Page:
In the aerospace industry we refer to such developments as “game changers”, aircraft that alter the direction of the industry. Indeed, Airbus’ competitor across the pond - whose name escapes me for the moment - is still reeling from the shock.
So, Iain is single minded about his aspirations for Airbus. However, he also has a passion for collecting. It is true to say that Iain has collected aircraft programmes in much the same way as he has his Dinky toy car collection. Apparently he has often said that he would like to set up his own toy shop when he retires. The only flaw in this argument (which he seems happy to ignore) is that he would have to sell them. However he does have a fine collection of British Aerospace and Airbus desk miniatures he could replace his stock with. Perhaps in deference to his Scottish roots his Scottish whisky collection is also worthy of mention here. This may also explain why he is known to recite Burns’ poetry at every opportunity no matter how tenuous the link or how formal the occasion.
He has also collected four children, his succession of three sons only being complete with the arrival of his daughter Elizabeth. The constant in this eclectic activity has been his wife Rhona who has been the key to his success as much as anything else – putting up with his long working hours and business trips away throughout his career, whilst at the same time looking after four children. I think this could be regarded as an equally demanding task as running Airbus UK.
However, and there is always a ‘however’, Iain’s strongest and most likeable attribute is his heartfelt commitment to the development of people and in particular young people. It was in this hall three years ago during the Enterprise dinner that one of our students, Tim Axford, won the University prize for most entrepreneurial project within the University. The project was to develop a composite framed bicycle. As Iain saw the future business of Airbus in composite materials he wasted no time in rushing round the table to offer Tim a job at Airbus after graduation, thrusting a business card in his hand. I remember this vividly because he knocked my glass of wine over in his haste to recruit a rising star to the Airbus cause. It did not stop there. Tim has now joined Airbus and is being mentored by Iain personally through the early stages of his career. This exemplifies Iain’s view that the future of UK industry and this great University lies in the hands of our graduands and young people here today. His commitment is not just in words. For the first flight of the A380 in Toulouse, Iain chose to remain in Bristol alongside his colleagues here rather than being indulged in the corporate hospitality suite at Toulouse airport.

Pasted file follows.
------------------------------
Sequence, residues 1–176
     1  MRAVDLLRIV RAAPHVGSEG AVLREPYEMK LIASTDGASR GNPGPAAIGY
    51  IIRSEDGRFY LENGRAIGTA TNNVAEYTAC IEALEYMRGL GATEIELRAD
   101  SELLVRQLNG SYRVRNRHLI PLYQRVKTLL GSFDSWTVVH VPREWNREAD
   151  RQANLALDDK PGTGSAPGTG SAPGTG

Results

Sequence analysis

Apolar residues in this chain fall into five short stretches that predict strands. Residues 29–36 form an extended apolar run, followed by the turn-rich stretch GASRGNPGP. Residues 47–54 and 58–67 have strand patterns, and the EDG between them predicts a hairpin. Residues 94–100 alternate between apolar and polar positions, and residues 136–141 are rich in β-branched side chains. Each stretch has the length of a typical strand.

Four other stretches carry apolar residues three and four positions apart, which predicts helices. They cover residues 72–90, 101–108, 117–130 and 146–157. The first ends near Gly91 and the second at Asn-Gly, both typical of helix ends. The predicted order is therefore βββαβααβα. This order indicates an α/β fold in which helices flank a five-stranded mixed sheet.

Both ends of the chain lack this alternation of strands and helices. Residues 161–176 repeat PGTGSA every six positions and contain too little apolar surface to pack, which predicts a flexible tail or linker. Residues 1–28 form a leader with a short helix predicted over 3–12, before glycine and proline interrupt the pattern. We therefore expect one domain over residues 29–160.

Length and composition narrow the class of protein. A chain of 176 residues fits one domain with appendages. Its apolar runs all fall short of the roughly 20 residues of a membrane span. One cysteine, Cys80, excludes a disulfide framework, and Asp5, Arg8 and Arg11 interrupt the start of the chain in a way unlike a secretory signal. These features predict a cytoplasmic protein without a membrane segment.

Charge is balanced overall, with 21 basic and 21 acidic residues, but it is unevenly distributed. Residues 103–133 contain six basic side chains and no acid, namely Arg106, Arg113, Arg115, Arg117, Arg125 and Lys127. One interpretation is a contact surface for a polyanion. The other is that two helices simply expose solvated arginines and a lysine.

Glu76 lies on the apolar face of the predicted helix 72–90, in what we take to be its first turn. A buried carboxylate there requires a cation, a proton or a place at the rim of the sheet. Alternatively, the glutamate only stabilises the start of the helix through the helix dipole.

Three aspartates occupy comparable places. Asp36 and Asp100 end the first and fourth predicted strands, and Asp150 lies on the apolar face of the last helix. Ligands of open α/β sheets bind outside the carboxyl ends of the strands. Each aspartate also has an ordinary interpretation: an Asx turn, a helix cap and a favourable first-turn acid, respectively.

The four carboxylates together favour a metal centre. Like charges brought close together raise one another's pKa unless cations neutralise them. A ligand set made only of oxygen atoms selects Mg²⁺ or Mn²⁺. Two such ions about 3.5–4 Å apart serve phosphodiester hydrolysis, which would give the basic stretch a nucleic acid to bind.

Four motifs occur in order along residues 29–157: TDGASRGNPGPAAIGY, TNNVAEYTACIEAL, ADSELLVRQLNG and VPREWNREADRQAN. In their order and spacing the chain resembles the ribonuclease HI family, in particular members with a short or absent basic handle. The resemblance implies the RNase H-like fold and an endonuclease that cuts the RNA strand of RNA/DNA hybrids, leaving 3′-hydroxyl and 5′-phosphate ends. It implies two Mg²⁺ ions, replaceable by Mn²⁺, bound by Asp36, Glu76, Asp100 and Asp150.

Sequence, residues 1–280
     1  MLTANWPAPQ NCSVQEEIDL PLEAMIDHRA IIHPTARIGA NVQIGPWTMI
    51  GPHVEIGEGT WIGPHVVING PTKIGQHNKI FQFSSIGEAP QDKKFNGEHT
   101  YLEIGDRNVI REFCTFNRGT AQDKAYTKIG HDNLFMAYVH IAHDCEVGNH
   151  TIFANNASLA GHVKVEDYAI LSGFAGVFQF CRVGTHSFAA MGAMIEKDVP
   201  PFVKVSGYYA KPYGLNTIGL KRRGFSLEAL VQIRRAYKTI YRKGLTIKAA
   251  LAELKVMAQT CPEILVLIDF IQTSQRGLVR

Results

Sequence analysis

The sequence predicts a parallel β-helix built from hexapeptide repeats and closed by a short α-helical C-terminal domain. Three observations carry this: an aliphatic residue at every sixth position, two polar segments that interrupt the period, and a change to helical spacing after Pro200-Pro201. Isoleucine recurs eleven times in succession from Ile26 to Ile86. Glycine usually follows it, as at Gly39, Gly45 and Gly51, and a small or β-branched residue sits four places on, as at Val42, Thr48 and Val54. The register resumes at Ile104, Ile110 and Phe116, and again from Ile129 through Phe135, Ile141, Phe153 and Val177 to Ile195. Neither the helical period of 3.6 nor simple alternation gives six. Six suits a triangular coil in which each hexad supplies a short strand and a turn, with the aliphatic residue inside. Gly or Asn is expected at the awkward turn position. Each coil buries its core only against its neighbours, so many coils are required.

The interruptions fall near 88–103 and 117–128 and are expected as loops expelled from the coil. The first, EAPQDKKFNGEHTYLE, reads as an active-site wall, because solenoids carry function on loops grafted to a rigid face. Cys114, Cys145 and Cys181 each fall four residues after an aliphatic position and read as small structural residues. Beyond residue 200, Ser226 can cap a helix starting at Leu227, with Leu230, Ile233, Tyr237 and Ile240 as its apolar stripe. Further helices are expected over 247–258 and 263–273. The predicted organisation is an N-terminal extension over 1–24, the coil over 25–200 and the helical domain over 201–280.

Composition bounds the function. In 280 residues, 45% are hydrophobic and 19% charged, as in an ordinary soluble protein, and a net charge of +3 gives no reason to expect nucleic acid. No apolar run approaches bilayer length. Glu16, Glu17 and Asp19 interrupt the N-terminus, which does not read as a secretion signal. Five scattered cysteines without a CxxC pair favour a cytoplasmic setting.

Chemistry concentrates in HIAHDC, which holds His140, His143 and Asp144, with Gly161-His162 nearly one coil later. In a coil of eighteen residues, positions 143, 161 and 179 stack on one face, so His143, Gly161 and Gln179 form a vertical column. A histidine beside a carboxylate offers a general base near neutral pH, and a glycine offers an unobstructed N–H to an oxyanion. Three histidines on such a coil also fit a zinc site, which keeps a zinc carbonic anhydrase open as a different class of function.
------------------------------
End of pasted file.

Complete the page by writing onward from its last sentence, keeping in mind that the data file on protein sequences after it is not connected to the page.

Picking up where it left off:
So, it is hard to summarise Iain’s contribution to the UK aerospace industry. He is not only a first-rate engineer but clearly a visionary and inspirational leader. He is a strong believer in role models, citing Robin Brown, who is here today with us from Airbus, as his guiding light in the early years in his career. Iain practises what he preaches. He has led Airbus to be the pre-eminent international civil aerospace company for wing design globally and has achieved this through personal support of his colleagues and peers. We can all learn from this. It is fair to say that through Iain’s tireless exploits at the frontline in Europe he has managed to keep wing design and manufacture in the UK – with the unashamed statement that without the wings, an Airbus would just be a bus.
Mr Vice-Chancellor, given Iain’s commitment to aerospace, people and indeed the city of Bristol, I would find it hard to imagine the circumstances in which I could commend someone more highly to you. Thus, I present to you Iain Gilmore Gray, industrialist, leader and aerospace visionary as eminently worthy of the degree of Doctor of Engineering, honoris causa.